The New Industrial Policy and Its Critics
For many years, industrial policy was considered taboo in the United States and many other advanced economies, owing to assumptions that it is inherently protectionist and market-distorting. But context matters, and in today's world, state interventions to address market failures are exactly what is needed.
BERKELEY – Industrial policy has surged to the top of the national agenda in the United States and other advanced industrial economies. This represents a radical departure from recent economic history, and it has revived an older debate in which we both participated more than 30 years ago.
In the US, the CHIPS and Science Act, the Inflation Reduction Act (IRA), and the Bipartisan Infrastructure Act have set significant national-security and climate goals. Each leverages subsidies, tax credits, loan guarantees, and other standard industrial-policy tools to foster research, production, and employment by the private sector in key areas of the economy.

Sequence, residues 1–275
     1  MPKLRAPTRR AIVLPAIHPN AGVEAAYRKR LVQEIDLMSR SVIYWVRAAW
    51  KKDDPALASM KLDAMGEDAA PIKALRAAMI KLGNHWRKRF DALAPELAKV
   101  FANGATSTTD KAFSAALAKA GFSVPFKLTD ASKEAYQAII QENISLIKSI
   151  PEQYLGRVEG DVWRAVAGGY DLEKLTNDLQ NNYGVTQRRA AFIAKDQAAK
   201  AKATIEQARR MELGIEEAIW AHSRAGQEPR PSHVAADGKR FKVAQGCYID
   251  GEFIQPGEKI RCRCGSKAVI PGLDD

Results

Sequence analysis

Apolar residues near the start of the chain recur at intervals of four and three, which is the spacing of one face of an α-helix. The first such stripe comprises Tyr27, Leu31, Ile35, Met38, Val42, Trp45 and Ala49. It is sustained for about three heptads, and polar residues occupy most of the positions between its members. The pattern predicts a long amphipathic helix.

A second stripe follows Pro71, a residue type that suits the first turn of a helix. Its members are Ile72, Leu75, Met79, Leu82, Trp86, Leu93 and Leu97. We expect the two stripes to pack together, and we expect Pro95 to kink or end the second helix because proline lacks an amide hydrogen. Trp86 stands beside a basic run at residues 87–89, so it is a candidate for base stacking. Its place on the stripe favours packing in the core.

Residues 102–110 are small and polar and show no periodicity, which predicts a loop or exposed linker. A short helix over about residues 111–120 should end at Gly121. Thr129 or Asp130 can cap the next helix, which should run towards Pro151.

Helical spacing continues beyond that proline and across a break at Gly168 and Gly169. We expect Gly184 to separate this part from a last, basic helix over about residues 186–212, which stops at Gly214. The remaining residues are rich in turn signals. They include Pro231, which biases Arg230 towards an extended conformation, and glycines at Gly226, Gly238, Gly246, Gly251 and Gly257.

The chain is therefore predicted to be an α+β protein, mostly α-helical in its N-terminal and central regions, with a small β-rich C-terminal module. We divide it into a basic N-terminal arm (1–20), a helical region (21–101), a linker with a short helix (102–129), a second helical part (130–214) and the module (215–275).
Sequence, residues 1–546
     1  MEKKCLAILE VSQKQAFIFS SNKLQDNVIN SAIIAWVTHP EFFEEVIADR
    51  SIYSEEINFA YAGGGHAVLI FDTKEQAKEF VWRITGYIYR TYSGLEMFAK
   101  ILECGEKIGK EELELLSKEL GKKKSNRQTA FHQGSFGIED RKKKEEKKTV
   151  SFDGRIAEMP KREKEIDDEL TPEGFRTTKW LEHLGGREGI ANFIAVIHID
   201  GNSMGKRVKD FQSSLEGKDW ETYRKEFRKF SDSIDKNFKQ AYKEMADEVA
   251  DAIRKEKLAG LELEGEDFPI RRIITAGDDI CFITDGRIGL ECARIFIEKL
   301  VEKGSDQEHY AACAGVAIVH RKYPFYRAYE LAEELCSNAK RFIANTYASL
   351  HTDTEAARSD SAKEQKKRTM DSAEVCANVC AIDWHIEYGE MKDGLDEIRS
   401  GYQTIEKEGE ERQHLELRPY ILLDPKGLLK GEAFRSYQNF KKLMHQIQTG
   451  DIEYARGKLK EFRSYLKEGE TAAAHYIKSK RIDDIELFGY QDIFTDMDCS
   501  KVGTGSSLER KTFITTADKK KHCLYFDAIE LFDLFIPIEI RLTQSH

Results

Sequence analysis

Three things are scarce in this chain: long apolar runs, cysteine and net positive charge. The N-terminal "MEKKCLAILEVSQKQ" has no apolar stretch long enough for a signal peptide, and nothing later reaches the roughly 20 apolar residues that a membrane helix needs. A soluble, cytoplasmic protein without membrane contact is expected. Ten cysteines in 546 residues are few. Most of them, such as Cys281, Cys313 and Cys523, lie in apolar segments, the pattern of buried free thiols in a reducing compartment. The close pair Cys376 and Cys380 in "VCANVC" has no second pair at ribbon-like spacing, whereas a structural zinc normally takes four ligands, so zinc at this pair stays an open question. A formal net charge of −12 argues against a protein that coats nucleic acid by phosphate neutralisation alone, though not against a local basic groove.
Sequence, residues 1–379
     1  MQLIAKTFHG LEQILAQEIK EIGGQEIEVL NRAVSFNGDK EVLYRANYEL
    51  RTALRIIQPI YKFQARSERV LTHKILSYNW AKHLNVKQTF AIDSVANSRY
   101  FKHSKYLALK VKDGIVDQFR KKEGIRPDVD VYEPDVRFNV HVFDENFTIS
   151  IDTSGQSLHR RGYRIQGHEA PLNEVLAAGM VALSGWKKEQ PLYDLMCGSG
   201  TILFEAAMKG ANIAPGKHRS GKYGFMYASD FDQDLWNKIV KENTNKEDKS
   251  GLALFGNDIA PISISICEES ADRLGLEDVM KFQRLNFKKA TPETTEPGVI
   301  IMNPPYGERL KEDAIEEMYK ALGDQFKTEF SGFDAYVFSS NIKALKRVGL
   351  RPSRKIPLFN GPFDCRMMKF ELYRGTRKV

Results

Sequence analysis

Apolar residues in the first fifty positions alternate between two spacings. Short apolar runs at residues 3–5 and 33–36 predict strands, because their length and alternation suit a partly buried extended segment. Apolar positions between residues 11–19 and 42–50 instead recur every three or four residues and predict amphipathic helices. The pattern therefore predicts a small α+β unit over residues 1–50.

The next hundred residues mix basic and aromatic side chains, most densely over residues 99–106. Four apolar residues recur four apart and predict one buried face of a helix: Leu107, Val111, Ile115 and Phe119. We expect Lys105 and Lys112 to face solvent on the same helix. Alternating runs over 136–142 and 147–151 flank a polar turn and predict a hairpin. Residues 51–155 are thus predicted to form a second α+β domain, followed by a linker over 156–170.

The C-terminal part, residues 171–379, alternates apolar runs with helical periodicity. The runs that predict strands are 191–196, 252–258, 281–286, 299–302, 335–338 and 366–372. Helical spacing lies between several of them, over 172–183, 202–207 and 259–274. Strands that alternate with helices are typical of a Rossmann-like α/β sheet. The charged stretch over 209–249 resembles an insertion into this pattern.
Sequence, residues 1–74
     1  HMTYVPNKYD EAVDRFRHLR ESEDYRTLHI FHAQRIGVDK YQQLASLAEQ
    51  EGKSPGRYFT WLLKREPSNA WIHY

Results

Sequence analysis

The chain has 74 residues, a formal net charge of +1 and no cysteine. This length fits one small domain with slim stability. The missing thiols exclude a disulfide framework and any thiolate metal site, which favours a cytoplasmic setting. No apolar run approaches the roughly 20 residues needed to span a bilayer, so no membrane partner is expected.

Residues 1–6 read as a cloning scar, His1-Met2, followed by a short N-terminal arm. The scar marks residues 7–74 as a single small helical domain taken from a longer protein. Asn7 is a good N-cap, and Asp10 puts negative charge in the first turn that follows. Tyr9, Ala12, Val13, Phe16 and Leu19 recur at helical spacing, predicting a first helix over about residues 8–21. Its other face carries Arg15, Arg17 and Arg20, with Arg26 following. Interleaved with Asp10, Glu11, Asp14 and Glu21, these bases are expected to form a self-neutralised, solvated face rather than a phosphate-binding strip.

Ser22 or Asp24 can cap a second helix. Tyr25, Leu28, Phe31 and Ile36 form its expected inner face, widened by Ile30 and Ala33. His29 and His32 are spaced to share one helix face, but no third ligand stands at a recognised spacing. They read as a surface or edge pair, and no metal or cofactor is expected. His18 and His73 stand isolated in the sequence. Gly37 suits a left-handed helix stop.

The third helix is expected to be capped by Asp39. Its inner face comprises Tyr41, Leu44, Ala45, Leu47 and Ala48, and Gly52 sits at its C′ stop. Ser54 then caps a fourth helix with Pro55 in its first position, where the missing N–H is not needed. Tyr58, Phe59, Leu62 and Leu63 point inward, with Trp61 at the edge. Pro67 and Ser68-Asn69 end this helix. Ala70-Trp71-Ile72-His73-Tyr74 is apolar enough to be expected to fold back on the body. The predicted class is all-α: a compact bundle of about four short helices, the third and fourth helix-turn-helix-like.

These instruments are being used today under very different conditions than 30 years ago. National self-sufficiency – often with mercantilist objectives – was the goal of industrial policy in the past. Now, as a result of the rise of complex global supply chains and China’s emergence as a formidable geopolitical and economic competitor, national sovereignty, understood as a vertically integrated domestic capacity by nationally-owned firms in targeted sectors, is simply infeasible.
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